It is a common misconception that showers use less water than a bath. Modern power showers can use just as much, if not more than, a bath. There are several technologies that your business can use to reduce the amount of water that showers use.
An isolating ball valve enables you to control the flow of water through the valve. This adjustment could save up to six litres of water per minute. The valve is easy and cheap to fit. However, it does not regulate water pressure and may block as scale builds up.
A shower aerator is fitted between the shower hose and showerhead. The aerator allows air to mix with the water as it leaves the showerhead. This gives the impression of higher water pressure and flow. Water savings can be as high as six litres per minute.
Operating in the same way as a general shower aerator, an aerating showerhead fits into the showerhead itself. It mixes air with the water as it exits the showerhead to give the impression of higher water flow rates. Water savings are around six litres per minute. This technology is not normally suitable for electrically heated showers.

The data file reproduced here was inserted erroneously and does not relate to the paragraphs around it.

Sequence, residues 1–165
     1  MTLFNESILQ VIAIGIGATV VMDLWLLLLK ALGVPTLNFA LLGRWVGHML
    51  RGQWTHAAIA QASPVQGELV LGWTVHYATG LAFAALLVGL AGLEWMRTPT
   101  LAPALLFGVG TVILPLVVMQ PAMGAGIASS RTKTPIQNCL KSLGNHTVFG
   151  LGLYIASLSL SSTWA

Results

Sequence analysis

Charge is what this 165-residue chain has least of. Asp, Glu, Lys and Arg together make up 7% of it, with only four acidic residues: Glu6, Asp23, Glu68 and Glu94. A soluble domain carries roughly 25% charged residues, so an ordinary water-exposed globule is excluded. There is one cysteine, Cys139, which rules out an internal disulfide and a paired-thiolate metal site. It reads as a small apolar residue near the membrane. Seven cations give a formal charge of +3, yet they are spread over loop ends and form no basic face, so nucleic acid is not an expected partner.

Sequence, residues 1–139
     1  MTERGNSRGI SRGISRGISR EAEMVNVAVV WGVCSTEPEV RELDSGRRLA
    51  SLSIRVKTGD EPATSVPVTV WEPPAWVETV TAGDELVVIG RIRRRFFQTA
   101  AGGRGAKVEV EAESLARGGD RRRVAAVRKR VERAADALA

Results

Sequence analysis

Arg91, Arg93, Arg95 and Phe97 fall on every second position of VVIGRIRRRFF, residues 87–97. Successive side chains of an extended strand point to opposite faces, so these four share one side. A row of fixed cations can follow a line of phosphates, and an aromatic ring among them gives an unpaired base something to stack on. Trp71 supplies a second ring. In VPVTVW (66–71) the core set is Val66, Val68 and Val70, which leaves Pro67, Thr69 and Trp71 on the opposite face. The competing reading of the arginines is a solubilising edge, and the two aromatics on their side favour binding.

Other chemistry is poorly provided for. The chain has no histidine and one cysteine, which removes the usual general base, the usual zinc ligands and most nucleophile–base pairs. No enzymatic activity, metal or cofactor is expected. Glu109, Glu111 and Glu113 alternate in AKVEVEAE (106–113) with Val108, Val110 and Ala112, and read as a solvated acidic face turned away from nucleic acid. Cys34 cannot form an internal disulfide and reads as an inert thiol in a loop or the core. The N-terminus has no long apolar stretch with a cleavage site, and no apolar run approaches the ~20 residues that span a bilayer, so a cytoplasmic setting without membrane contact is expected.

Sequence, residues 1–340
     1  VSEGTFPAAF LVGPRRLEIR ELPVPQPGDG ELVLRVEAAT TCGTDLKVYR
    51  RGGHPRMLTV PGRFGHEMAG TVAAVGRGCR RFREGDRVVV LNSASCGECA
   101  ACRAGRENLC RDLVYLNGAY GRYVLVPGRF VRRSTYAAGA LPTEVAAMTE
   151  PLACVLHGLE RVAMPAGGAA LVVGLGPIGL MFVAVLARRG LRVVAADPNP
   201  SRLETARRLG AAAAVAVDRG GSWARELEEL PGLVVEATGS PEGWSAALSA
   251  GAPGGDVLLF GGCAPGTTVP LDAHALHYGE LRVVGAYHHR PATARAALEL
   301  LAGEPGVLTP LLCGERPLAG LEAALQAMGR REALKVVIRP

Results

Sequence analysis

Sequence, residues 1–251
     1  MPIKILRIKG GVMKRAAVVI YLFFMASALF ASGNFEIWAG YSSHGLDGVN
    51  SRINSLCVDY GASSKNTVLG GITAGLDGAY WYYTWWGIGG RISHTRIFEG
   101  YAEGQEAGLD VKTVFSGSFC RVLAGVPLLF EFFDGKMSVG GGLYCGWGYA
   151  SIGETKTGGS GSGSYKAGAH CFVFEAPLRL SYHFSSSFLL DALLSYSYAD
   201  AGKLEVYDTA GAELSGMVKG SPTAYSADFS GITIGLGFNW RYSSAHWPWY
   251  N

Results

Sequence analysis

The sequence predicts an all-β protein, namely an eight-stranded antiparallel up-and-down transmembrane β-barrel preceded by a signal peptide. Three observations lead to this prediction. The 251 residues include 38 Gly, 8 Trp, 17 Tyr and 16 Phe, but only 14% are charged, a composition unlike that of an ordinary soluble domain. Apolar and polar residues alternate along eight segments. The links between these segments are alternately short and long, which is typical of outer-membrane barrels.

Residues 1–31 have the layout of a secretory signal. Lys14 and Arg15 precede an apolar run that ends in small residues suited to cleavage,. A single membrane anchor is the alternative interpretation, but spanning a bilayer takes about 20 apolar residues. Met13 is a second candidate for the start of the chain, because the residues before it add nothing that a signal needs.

A thermostatic mixer valve within the shower detects the water pressure or temperature and expands the element within the showerhead. This alters the proportion of hot and cold water that is mixed within the shower. Long paybacks can be an issue with this technology, as it cannot be retrofitted to an existing shower.
Operating like push button light switches, the push button shower delivers its water over a set time period. Water savings vary as the button can be pushed multiple times without any cut-off. Maintenance is also required as the pinhole in the diaphragm that operates the push button can become blocked with scale.
Tax breaks for water efficient equipment
Many of the technologies your business could employ to reduce the amount of water it uses in its showers may be eligible for tax allowances under the Enhanced Capital Allowance (ECA) scheme - see first-year allowances for water efficient technologies.